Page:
After being mistaken for terrorists and thrown into Guantánamo Bay, stoners Harold and Kumar escape and return to the U.S., where they proceed to flee across the country with federal agents in hot pursuit.
The morning they return from their White Castle road trip, Harold and Kumar decide to go to Amsterdam because Harold doesn't want to wait ten days to see Maria again. On the plane, Kumar lights up his new bong, the air marshals think it's a bomb, and Harold and Kumar are arrested as terrorists and sent to Guantanamo Bay. Ordered to fellate a guard, they manage to escape, make their way to Florida, and head for Texas to find Kumar's ex-girlfriend's fiancé, the well-connected Colton, and get him to intercede with Washington on their behalf. Kumar still has a thing for Vanessa, the feds are in hot pursuit, and the legal weed of Amsterdam seems a long way away.Written by
In the skydiving scene Kumar "swims" towards Harold. In free fall, you can't swim through the air, flailing your arms and legs just destabilizes yourself. To get two people together, all you have to do is face downwards and towards each other. See more »
[taking a dump]
Oh God, dude!
What the fuck? What the fuck? What are you doing?
I'm taking the most incredible dump of all time, man.
You couldn't wait until I got out of the shower?
Um, may I remind you that we both just ate 30 burgers and 4 large orders of fries?
[continues to take a dump]
Don't worry, in a little bit I'm sure it'll hit you too.
Maybe, but I'm going to wait until you get out of the shower!
Well don't wait too long. We gotta leave for the airport in an ...
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After the credits "No Person or entity associated with this film received payment or anything of value, or entered into any agreement, in connection with the depiction of tobacco products." See more »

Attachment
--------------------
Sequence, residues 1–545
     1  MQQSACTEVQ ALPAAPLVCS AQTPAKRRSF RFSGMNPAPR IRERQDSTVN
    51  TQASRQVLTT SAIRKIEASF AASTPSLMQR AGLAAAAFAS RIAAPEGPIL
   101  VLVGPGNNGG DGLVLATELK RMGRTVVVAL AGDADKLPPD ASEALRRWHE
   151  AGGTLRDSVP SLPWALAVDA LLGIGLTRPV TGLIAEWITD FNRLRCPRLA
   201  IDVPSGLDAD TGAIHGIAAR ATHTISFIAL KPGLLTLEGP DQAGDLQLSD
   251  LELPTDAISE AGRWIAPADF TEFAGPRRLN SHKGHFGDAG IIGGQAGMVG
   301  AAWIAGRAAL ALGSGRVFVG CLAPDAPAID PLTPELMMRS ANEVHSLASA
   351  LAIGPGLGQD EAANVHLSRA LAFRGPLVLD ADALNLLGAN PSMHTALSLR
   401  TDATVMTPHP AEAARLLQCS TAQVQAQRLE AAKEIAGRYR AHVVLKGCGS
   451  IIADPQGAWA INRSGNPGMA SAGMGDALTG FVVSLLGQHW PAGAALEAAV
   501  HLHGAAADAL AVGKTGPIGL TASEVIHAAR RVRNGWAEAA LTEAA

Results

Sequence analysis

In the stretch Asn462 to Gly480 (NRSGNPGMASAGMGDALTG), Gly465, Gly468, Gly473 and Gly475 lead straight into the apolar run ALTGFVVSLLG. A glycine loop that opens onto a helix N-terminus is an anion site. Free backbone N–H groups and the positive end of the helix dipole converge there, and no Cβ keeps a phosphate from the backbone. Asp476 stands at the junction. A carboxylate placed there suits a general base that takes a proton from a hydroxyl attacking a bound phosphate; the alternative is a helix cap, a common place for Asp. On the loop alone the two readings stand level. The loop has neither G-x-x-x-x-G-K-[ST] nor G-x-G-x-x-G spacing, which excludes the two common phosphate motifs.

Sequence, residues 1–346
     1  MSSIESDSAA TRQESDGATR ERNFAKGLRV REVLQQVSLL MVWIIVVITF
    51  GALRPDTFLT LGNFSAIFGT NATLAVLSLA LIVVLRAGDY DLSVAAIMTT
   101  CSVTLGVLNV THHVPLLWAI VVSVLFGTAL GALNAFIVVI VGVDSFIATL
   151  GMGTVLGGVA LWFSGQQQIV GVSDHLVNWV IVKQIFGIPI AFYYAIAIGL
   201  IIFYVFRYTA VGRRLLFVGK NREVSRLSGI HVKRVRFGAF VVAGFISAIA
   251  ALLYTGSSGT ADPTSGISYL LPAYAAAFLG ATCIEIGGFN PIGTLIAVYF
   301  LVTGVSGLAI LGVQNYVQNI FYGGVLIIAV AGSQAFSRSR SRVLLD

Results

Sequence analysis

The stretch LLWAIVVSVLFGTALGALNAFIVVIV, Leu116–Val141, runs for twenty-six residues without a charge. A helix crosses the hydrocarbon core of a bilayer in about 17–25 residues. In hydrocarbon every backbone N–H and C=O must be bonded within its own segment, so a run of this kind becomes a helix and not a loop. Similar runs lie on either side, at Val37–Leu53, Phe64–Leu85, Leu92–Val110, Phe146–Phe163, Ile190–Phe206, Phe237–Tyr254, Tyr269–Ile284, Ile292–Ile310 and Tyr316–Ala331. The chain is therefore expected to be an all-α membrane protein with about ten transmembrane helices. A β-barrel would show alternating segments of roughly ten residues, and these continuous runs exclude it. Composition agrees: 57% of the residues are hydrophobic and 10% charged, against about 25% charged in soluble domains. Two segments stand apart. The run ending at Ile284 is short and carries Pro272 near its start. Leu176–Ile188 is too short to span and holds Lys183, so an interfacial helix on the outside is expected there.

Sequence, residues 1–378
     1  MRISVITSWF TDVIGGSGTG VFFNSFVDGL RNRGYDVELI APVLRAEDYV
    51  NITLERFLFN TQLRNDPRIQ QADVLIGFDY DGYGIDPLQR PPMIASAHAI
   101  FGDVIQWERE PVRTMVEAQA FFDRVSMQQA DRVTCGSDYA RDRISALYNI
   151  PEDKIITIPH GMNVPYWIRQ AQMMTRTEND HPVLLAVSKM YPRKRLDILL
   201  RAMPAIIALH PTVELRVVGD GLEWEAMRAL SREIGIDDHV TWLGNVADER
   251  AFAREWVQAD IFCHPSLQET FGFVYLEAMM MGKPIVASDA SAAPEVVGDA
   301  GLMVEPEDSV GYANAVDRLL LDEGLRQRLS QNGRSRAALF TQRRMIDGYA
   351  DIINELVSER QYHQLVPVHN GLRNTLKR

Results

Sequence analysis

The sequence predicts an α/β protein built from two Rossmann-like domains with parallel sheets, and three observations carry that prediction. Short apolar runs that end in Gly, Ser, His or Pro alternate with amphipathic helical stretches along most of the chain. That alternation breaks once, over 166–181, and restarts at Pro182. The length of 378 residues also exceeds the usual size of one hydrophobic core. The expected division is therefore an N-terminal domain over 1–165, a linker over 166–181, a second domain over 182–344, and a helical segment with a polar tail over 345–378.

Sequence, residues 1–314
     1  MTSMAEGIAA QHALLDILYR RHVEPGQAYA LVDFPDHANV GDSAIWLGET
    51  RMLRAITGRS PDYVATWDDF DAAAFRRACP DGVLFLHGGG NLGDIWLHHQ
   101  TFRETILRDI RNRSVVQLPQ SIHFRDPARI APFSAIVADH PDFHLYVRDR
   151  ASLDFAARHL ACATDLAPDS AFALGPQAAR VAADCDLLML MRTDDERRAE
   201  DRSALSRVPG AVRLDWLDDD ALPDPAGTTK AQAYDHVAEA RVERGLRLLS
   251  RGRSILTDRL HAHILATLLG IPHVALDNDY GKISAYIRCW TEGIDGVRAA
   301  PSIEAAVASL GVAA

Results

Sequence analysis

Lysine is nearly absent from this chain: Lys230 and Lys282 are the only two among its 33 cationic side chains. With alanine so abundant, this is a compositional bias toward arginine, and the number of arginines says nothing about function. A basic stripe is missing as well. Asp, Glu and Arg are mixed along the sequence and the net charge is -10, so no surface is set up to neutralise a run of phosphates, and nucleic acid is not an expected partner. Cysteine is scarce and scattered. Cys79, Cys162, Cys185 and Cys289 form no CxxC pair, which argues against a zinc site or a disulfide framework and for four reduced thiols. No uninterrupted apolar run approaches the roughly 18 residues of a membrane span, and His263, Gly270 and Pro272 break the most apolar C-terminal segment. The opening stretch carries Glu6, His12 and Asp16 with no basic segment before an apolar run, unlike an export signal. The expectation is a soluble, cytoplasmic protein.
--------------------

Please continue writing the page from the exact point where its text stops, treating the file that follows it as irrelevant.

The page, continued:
An unrated version was released on DVD which contains alternate and extended scenes. See more »
Still very funny, but not as enjoyable as the first film
I randomly watched Harold and Kumar Go to White Castle in theatres in summer 2004 not expecting much. But I ended up actually being kind of impressed by how funny and unique it was, especially for how stereotypical and ridiculous the movie sounded (another stoner road movie?). Now we are four years later, and surprisingly for such a small film, there is a sequel. And unique is what it continues to be.
Picking up mere hours after the first film, Harold (John Cho) and Kumar (Kal Penn) are traveling to Amsterdam to follow Harold's dream girl, Maria (Paula Garcés). While on the plane, Kumar attempts to get high, but ends up sending the passengers and crew into a panic when they think he has a bomb. They re-route back to the States, where Homeland Security decides they are both terrorists, and sends them to the infamous titular prison. And as the title suggests, they escape, and spend the rest of the movie averting the law and attempting to clear their names.
There is not really much to the plot of the movie, but then again, there was not much to the original either. Instead of spending the movie getting into all kinds of random situations while searching for a White Castle, they spend this movie trying to stay out of the hands of Homeland Security. I was actually kind of weirded out by how political the film gets at times, but the idea of the film begs for there to be an inherent political context. And while there are a few lingering moments when the film submerges itself a bit too heavy handed into the political realm and parodies some of the most ridiculous things we have heard in the news about the government and Homeland Security, the film manages to stay very light and flaky when it comes to being serious. It does not want to be a message film (such as films like Lions for Lambs and Rendition), but merely a means of expressing some humour about ridiculous ideas we can only read about.